Mind Matters — Babies and Bullies

Here I am thinking about my Mother again. Perhaps it is because now that I have become a grandmother, I am coming to understand how she felt not only as a mother but as a grandmother herself, how she saw a “grander” picture of parenting—the larger, long term view.

So what is my larger, long term view now that I identify with her so much? Perhaps it is the acknowledgement that how we raise our children and model behavior for them has a rippling effect down the generations.

To some readers I probably sound like a broken record. However, some messages need to be said again and again just to override the loud voices of bigotry and bullying that bombard us.

The founder of cognitive behavioral therapy, psychiatrist Aaron Beck wrote Prisoners of Hate: The Cognitive Basis of Anger, Hostility, and Violence in 1999, after he developed his brand of individual therapy. Cognitive behavioral therapy is noted for its focus on the automatic thoughts that, along with an upsurge of emotion, prompts a behavior in an individual.

In the therapeutic process of examining these automatic thoughts, an individual can learn what leads to certain negative behaviors and begin the process of change. Family systems therapists often talk about learning how to regulate reactivity. Jungians talk about how to recognize entrenched patterns of thinking that lead to unwanted behaviors in order to work through our complexes. Whatever the words, the therapeutic message is similar: that psychological health depends upon awareness of thoughts and feelings so that emotional regulation is possible and behaviors are managed.

Yet, Aaron Beck, in Prisoners of Hate, takes a grander view, beyond the individual to society at large. Indeed family systems theorists, and Jungians too, see the psycho-dynamics of the individual and family play out societally, and globally as well.

We absolutely need to recognize that what we model to our “babies” at the microcosmic scale has a direct connection to what gets enacted at the macrocosmic level. It matters what we say and how we act toward each other. It is not the automatic thought that counts so much as what we do with it. We may not at first be able to help that an ingrained prejudice appears or that a glimmer of an angry feeling starts to stir. However, we can learn to self-soothe, talk ourselves down out of the negative thoughts towards ourselves or the other—the feared “enemy”—and then be witness to our emotions. With practice, over time, we become quicker and quicker at calming our reactivity.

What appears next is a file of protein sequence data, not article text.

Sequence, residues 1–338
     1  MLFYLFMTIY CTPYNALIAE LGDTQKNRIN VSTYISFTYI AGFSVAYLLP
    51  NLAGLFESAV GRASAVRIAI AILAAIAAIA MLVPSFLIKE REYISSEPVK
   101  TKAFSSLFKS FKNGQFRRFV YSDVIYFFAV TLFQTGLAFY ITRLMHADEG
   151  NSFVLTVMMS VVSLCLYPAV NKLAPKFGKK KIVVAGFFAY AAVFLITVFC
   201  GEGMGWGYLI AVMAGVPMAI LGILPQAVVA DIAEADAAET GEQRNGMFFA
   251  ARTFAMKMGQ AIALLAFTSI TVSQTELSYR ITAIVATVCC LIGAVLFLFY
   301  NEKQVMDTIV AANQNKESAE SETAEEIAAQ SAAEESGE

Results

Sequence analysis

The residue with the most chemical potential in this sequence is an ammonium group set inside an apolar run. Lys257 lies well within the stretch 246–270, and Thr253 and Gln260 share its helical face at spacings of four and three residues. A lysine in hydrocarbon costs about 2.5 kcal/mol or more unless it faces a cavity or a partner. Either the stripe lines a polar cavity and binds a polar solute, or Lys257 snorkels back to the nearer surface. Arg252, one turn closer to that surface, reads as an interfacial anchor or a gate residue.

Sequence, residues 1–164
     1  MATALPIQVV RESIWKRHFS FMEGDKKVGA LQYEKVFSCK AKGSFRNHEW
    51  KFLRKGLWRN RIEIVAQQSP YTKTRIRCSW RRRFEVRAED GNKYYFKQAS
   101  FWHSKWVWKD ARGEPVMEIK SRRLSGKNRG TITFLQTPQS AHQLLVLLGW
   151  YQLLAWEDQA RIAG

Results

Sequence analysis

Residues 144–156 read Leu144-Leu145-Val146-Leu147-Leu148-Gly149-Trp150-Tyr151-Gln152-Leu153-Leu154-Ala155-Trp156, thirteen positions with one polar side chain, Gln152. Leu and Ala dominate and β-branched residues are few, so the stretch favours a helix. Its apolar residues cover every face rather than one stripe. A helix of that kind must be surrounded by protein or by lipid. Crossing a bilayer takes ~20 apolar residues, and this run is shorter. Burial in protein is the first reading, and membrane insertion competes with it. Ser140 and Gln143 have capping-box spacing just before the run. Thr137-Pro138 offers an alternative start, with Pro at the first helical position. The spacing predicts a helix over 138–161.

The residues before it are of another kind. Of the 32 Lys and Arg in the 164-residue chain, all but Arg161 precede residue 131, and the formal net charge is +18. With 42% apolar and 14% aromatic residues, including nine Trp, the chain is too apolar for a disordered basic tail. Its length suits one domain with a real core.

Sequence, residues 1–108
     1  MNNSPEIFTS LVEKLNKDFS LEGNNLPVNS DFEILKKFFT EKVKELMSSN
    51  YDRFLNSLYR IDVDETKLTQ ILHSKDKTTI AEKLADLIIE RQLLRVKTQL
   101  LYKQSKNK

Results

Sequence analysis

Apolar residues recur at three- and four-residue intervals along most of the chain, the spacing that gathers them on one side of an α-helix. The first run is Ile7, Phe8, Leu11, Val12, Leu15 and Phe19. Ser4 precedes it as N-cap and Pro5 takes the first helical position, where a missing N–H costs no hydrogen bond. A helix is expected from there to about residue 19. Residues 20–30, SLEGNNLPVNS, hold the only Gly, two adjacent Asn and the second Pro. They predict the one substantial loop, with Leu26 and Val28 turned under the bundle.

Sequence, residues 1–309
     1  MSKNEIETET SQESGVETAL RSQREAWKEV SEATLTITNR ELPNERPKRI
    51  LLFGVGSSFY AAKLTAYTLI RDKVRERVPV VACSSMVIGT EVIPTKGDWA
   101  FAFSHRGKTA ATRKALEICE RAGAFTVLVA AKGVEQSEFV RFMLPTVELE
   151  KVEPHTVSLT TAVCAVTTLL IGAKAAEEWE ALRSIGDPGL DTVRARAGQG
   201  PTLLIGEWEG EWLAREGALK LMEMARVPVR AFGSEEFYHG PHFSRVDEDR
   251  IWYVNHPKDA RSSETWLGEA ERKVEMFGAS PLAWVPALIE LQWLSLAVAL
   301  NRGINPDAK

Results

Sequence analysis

Demagogues—political figures, for example—use the individual’s primal reactivity to their advantage. They foment fear of “other,” of differences, for their own self-aggrandizement and usurpation of power. If we ourselves on an individual level are aware of our own lingering fears and are working towards emotional regulation, we are not hoodwinked by bigots, bullies, and bravado.

We are all works in progress: I know I am. I was reminded recently of my own potential for “judging mind,” when, in a New England store, I saw a family who looked very different—to me. The women and girls were in long dresses, the men had beards. I am used to seeing Amish, who dress similarly, so they are not “other” because they are my neighbors. These people were not that so they were “foreign” to me. I caught myself in my wonderment—curiosity is one thing, but judging or making fun of another’s difference is the emotionally reactive part. I stopped myself before I went galloping off on that pony named Prejudice.

The antidote to prejudice and fear of other can be found in Ysaye Barnwell’s song, Would You Harbor Me?. Anna Crusis, the Philadelphia-based women’s choir of which I am a member will be singing it this spring. Here are the words:

Would you harbor me?
Would I harbor you?
Would you harbor me?
Would I harbor you?
Would you harbor a Christian, a Muslim, a Jew,
a heretic, convict or spy?
Would you harbor a runaway woman, or child,
a poet, a prophet, a king?
Would you harbor an exile, or a refugee,
a person living with AIDS?
Would you harbor a Tubman, a Garrett, a Truth
a fugitive or a slave?
Would you harbor a Haitian, Korean, or Czech,
a lesbian or a gay?
Would you harbor me?
Would I harbor you?
Would you harbor me?
Would I harbor you?

My wish is that we would all sing this song to drown out the loudest bigoted bullies in our midst. Let’s sing for the babies!